Time-to-Adoption Horizon: Four to Five Years 29use as a gaming platform. Uses include applications inart, health, and education.Gesture Recognition Moves Beyond Gaminggo.nmc.org/auimq(Steve Sechrist, Software Quality Connection, 23 May2011.) In the context of the major developments ingesture recognition, the author discusses the potentialfor Kinect-style natural user interfaces.LG adds Google TVs, Smart TVs get Voice andGesture Control The idea of being able to have ago.nmc.org/eilfc(James K. Willcox, Consumer Reports, 9 January 2011.)LG Electronics is releasing televisions that double as completely natural interaction withcomputer monitors so users can download apps fromthe Android Market to surf the web on their televisions. your device is not new, but neitherThe SmartTV platform will also have voice and gesturecontrol, and built-in Wi-Fi to beam content like music, has its full potential been realized.photos, and videos from a notebook to the televisionset.SoftKinetic Previews Next-Gen Gesture Interfaces(Video)go.nmc.org/qhjle(SoftKinetic, youtube.com, 29 March 2011.) In thisvideo prepared by SoftKinetic for the 2011 ConsumerElectronics Show, the next generation of gestureinterfaces is illustrated. SoftKinetic is developing 3Dgesture control middleware for a wide range of devicesand platforms.To Win Over Users, Gadgets Have to Be Touchablego.nmc.org/lagrp(Claire Cain Miller, New York Times, 1 September 2010.)This article discusses how gesture-based computinghas become a prevalent way that we interact withour computers, especially mobile devices such assmartphones and tablets.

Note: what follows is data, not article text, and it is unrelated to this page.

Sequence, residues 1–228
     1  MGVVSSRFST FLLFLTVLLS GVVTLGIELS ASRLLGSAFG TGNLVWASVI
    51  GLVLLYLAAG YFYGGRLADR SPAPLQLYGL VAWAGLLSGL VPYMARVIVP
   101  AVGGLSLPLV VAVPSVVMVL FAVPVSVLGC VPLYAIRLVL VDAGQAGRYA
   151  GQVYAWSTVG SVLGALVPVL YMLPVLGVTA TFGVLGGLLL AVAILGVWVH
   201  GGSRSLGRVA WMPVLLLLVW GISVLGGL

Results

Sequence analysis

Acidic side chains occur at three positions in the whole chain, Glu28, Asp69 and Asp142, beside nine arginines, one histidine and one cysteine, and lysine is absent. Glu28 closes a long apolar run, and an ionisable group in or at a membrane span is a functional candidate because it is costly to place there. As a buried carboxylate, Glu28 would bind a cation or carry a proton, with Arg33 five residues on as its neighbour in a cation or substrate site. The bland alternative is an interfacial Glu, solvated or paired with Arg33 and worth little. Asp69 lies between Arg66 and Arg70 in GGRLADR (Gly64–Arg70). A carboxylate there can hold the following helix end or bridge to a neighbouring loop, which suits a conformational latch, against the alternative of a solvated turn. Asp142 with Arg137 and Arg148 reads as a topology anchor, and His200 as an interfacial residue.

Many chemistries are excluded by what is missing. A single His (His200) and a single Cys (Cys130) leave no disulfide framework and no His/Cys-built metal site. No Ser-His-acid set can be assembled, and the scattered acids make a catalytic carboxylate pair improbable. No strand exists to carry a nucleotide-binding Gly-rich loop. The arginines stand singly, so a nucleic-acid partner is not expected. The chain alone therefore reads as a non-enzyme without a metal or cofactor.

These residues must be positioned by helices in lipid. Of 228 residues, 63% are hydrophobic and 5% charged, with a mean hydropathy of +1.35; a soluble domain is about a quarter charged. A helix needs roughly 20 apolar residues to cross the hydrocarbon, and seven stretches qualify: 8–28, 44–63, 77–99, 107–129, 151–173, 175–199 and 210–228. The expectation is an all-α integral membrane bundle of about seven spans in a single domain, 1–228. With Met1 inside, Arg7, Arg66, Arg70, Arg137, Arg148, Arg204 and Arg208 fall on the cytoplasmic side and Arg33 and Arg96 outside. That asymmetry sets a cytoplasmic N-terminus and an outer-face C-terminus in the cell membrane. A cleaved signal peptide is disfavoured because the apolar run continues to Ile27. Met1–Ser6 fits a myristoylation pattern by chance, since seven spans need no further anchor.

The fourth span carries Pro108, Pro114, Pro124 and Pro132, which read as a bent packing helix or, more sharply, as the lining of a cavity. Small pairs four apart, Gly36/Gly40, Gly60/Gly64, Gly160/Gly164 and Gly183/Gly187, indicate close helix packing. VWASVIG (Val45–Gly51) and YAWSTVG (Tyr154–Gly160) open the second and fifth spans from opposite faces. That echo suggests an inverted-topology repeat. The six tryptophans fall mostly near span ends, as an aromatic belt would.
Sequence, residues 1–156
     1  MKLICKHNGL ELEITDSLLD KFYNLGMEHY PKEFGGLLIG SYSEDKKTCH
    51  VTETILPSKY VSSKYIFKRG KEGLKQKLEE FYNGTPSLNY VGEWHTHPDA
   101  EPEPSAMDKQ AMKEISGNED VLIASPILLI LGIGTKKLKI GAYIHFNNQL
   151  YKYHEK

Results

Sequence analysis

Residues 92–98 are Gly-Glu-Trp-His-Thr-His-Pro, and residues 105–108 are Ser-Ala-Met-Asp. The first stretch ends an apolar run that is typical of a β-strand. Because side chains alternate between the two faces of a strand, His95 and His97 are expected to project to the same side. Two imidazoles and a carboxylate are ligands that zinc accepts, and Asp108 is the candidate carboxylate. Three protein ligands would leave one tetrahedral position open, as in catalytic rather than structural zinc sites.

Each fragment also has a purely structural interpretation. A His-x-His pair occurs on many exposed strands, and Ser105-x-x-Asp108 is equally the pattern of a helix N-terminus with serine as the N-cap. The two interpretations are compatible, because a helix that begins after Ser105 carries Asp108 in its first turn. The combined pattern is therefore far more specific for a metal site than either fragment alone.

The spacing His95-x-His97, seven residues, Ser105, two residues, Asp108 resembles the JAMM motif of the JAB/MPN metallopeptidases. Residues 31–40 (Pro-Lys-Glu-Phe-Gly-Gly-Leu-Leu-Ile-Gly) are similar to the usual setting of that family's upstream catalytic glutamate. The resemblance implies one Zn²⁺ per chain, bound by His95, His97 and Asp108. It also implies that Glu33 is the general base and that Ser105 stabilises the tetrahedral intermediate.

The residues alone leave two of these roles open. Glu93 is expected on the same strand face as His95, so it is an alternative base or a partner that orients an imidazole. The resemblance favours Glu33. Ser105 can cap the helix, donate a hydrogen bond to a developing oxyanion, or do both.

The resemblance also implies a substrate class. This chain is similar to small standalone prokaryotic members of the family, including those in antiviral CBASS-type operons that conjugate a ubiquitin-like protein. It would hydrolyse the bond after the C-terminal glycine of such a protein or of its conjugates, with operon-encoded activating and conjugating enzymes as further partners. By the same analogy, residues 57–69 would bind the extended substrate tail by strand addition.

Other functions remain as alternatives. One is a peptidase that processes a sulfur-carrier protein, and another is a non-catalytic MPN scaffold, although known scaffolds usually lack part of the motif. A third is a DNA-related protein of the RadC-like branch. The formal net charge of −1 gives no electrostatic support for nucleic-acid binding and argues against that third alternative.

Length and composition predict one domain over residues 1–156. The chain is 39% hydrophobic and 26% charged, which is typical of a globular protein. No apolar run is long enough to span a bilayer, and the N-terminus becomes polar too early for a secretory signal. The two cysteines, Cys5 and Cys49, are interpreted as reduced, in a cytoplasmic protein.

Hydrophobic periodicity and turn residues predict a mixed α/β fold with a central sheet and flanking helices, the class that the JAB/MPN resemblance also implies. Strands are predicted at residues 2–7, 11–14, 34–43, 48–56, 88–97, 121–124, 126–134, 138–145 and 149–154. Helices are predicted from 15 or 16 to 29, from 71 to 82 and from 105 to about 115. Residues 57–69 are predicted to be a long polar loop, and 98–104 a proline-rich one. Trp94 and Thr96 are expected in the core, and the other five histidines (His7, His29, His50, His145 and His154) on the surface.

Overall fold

30 NMC Horizon Report: 2012 Higher Education EditionInternet of ThingsTime-to-Adoption Horizon: Four to Five YearsT he Internet of Things has become a sort of cams or shared printers, to use the Internet to transmit shorthand for network-aware smart objects and receive data and information from an object or that connect the physical world with the world piece of equipment. Vint Cerf noted that already we of information. A smart object has four key have Internet-enabled phones, appliances, picture attributes: it is small, and thus easy to attach frames, and o ce equipment. It is not a large step toto almost anything; it has a unique identi er; it has envision Internet-enabled electric meters that use thea small store of data or information; and it has a Smart Grid to let your house know to raise the ambientway to communicate that information to an external temperature a degree to help o set a peak load. Indeed,device on demand. The Internet of Things extends Cerf sees the Smart Grid as an accelerator for thethat concept by using TCP/IP as the means to convey Internet of things.the information, thus making objects addressable(and ndable) on the Internet. Objects that carry While there are examples, such as the Smart Grid, ofinformation with them have long been used for the what the Internet of Things might look like as it unfolds,monitoring of sensitive equipment or materials, it is still today more concept than reality. At the samepoint-of-sale purchases, passport tracking, inventory time, the underlying technologies that will make itmanagement, identi cation, and similar applications. possible — smart sensors that can easily be attachedSmart objects are the next generation of those to everyday objects to monitor their environment ortechnologies — they “know” about a certain kind of status; new forms of low-energy radio transmission thatinformation, such as cost, age, temperature, color, can enable the sensor to send its information wirelesslypressure, or humidity — and can pass that information or via electric lines to a network hub; and an expandedalong easily and instantly. They can be used to digitally address space for the Internet — are all well understood,manage physical objects, monitor their status, track easily mass-produced, and inexpensive.them throughout their lifespan, alert someone whenthey are in danger of being damaged or spoiled — or Smart objects have appeared in several previouseven to annotate them with descriptions, instructions, editions of the NMC Horizon Report, and are describedwarranties, tutorials, photographs, connections in the opening paragraph as having the attributesto other objects, and any other kind of contextual of being easy to attach, often much like a sticker;information imaginable. The Internet of Things would uniquely identi able; a small data store; and a wayallow easy access to these data. to read and write to that store of data. Several radio- based technologies are being explored as the rstOverview point of transmission, from the simple and ubiquitousThe Internet of Things, a concept advanced by IP co- RFID approach broadly used for inventory controlcreator Vint Cerf, is the next step in the evolution of to the proximity-based secure data exchange madesmart objects — interconnected items in which the line possible via Nokia’s near eld communication (NFC)between the physical object and digital information technology. NFC was designed to allow users to makeabout it is blurred. The advent of IPv6 has extended secure payments to kiosks, gas pumps, or dispensingthe Internet address space signi cantly, thus providing machines via smartphones, but it will also allow smartan avenue for any object, like is done with today’s web objects to communicate securely over small distances.